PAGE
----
Yesterday it was confirmed by the medical examiner that the remains were indeed hers; cause of death was “accidental, caused by lack of food and water and environmental exposure”. A cellphone found with the remains indicated that she had reached Orbeton Stream on the day of her disappearance. I actually had to sit down and reread the article a second time in order to fully comprehend. Then I burst into tears for I knew the area where she was found very well; I too became lost there earlier this year. Since I live in the Western Mountains of Maine within close proximity to the trail, I was doing sections of it as day hikes. My grandson was graduating from high school and I didn’t want to leave for my thru hike until after this special milestone. June was a particularly rainy month so I encountered trail conditions that were probably quite similar to those Geraldine met. If memory serves me correctly, there was a heavy rain storm the day before she disappeared. I entered the woods via an access road accompanied by my little dog Bailey B. The forest floor was quite wet and streams bursting but it was a warm and sunny day. We took our time, enjoying the day and taking frequent sniff stops for Bailey. The further we travelled, I marveled at how brutally rugged the terrain was. At times the  trail was an obstacle course of steep slabs, trip wire roots that resembled thick tentacles, steep rocky ascents and tooth rattling descents. It began to seem that I was now taking five steps forward only to encounter shoulder high rocks to climb over followed by vertical slabs. I remember being thankful that I had opted for long Columbia  pants that day as opposed to shorts because I did a lot of seat sliding. I could faintly hear Orbeton Stream and figured BB and I would take a break there. I can’t pinpoint the exact moment but I suddenly  realized I was off trail. “No big deal” I thought as I slowly turned around looking for the white blazes. Instead I saw more rocks, roots and trees ~ but none bearing the familiar white markings. It didn’t take long for panic to set in because in just that short time NOTHING looked like the trail. I didn’t expect to see a lot of evidence of foot traffic as SOBO hikers were really just beginning at Baxter and the bulk of those headed NOBO hadn’t reached Maine yet. In all honesty, in my many day hikes up until that point I’d encountered very few people which I attributed to the copious rainfall in June. I tried sending a text to my backup people from my inReach satellite handheld but it couldn’t pick up a signal. Even though I knew it was futile I still tried my cell phone to no avail. As I forged ahead towards what I thought was the stream, I began to second guess my decision for what I worried about the most was Bailey. Im sure she sensed my anxiety because where she once hopped confidently by my side she now darted back and forth in front of me but always looking back. She didn’t ask to accompany her human into the woods that day, I made the decision to bring her and I was obligated to get her out safely. So I sat down on a log and assessed the situation. Like so many tech junkies I had relied strictly on my hand held and didn’t have a compass. I also hadn’t clearly marked all the access roads between Point A & B because it was supposed to be a relatively short hike. **Hint** Take notes and learn from these two mistakes! I decided that if my family came looking for me that they would begin at the access road where I’d entered. I also knew that the closer I got to that point there was a better chance of obtaining a satellite signal. I decided that I was going to rely on my senses and reverse course. The first thing my senses told me was that the animals of the woods were definitely more vocal as the day passed. BB’s previous confident swagger was now fully replaced by fear and furtive movement; I knew if necessary I could carry her. I realized I had to stifle my anxiety as she was also feeding off it so I began to sing. Barney theme song, Elton John, Queen ~ anything I could belt out.And then mistake #2. I tripped over a particularly tuberous root and then over a rock, losing my glasses in the process. **Hint** Wear a strap to secure glasses to head. Even though I wear progressive lenses, I always remove my glasses to read, knit , etc. I needed them more for distance and that darned “middle” area. I stayed on my knees and tried to find them but the frames were black and apparently blended in well with years of leaves and tree debris carpeting the forest floor. I wanted to scream and run away but that wasn’t an option. Neither was clicking my heels together three times. I got up, resumed singing and kept moving. Had a lot of run ins with inanimate objects because I basically walked looking down at my feet. As I walked and sang I started to second guess myself, thinking perhaps I should just break and set up camp but one look at BB and I knew I had to keep going. Plus I knew if I didn’t return or get a signal to my family they would invariably come looking for me in the dark. Several hours later I  stopped for a “break” and when I headed back out I saw a white blaze. I can’t even describe my elation. As we continued I began to recognize a few areas where we had earlier stopped for one of Bailey’s sniff fests. Then I heard a familiar beep from the inReach and knew my text was on its way. By now it was dark and I was wearing my Black Diamond headlamp. I was innately calmer and think that Bailey sensed it because her small body appeared more relaxed. As I got closer to the access road I switched from singing to calling out my husbands name. Suddenly I heard him respond along with the trusty bark of Sasha, one of my beloved German Shepherds. He met me in the middle of a bog bridge where I began crying and didn’t stop until BB and I were safely out of the woods and into his truck. I’m not typically a dishonest person but I was mortified to admit that I had become lost in an area that by Maine standards was in my backyard. I felt stupid and ill equipped, especially for someone who had spent hours researching, planning, hiking and most of all, was leaving on a thru hike soon. So I fudged the details of my mishap to both my family and friends. I downplayed the “terrified & lost” component to the “we lost track of time” one. I’m not sure if my husband actually believed me because I’m also not prone to fits of hysterical crying while hiking but he’s too kind of a person to say anything.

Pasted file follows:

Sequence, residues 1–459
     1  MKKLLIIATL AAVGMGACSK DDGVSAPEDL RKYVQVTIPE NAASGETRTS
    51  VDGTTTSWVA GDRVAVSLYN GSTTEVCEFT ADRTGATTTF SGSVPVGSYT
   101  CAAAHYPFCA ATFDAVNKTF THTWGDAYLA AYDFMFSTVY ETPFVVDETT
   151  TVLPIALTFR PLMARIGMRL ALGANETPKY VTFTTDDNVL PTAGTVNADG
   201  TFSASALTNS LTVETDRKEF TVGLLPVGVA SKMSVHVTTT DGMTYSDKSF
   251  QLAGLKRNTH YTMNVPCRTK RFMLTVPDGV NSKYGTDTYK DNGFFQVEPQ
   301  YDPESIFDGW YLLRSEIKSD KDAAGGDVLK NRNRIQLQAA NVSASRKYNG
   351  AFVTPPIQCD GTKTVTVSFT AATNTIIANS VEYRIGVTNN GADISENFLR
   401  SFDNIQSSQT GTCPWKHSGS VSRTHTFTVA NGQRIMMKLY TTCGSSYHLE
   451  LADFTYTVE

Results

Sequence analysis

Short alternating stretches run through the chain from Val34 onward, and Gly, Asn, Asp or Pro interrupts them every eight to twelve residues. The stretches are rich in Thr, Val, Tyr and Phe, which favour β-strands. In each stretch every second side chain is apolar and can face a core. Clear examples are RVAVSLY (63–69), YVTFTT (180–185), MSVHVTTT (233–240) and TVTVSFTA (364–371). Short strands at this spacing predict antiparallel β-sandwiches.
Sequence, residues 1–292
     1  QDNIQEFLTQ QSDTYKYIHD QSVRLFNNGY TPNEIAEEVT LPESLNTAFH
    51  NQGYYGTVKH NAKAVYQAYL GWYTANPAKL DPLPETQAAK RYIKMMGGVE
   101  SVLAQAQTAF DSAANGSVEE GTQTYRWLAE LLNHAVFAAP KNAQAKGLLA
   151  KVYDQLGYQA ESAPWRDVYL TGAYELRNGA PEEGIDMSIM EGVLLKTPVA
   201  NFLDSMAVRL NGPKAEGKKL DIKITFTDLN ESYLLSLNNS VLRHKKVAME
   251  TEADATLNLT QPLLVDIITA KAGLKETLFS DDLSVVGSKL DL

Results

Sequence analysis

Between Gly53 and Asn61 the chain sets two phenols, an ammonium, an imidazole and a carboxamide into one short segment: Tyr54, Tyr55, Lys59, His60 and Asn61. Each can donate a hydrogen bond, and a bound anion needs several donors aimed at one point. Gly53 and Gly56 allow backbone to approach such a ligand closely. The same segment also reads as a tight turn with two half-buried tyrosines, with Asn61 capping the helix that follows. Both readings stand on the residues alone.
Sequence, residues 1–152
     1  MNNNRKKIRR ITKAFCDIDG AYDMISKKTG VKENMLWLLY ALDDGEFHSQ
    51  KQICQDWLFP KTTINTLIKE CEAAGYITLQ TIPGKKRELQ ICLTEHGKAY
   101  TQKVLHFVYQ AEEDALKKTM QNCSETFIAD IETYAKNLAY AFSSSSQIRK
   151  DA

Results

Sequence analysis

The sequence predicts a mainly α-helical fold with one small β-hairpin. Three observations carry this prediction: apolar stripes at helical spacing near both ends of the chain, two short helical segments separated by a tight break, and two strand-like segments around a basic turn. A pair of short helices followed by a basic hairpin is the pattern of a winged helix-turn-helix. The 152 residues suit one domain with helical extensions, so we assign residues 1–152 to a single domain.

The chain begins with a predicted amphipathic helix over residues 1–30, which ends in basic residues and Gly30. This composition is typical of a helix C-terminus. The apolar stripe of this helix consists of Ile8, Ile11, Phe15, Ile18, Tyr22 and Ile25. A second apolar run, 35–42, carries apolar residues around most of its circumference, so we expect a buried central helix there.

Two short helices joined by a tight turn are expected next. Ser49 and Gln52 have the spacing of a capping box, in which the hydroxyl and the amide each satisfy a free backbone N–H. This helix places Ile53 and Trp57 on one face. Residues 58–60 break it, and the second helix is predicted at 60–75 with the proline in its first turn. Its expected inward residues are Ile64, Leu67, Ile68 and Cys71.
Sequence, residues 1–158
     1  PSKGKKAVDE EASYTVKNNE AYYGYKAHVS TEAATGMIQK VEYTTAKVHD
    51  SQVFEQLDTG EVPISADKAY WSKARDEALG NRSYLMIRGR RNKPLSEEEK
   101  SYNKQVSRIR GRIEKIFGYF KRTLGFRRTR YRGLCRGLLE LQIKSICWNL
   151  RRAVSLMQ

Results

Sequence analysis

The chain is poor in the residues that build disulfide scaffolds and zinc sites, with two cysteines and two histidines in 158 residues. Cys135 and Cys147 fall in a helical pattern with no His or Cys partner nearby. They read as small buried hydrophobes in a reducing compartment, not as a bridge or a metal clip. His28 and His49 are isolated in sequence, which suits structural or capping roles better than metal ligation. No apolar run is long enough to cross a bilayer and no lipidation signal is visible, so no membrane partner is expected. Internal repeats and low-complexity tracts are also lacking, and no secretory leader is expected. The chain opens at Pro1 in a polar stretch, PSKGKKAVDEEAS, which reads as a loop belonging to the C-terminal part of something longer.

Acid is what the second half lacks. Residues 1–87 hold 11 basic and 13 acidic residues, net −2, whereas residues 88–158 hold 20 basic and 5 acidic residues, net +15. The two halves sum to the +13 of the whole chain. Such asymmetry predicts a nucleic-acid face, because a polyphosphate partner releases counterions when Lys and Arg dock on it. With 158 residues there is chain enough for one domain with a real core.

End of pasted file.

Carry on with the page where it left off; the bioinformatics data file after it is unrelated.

Then they found Inchworm’s remains and now we know her location and cause of death.  As I wrote at the start of this entry this  information upset me greatly. Not because I thought I could have helped her; I became lost a year after her disappearance. No, I was upset because after being lost in the same general area for several hours, I can’t even imagine what she went through and it truly breaks my heart. She was found approximately 3,000′ off trail (one half mile). When we think of that distance we envision a quick jaunt but in the rugged terrain of the area it might as well have been ten miles. I also feel foolish and ashamed that I ever felt the need to downplay that day to the very people that care about me the most. There is no shame in admitting your mistakes;the shame is when you don’t learn from them. I’ve since learned to be proficient with an old fashioned compass, to mark all access routes whether I think I’ll use them or not and I bought two head-straps for my glasses.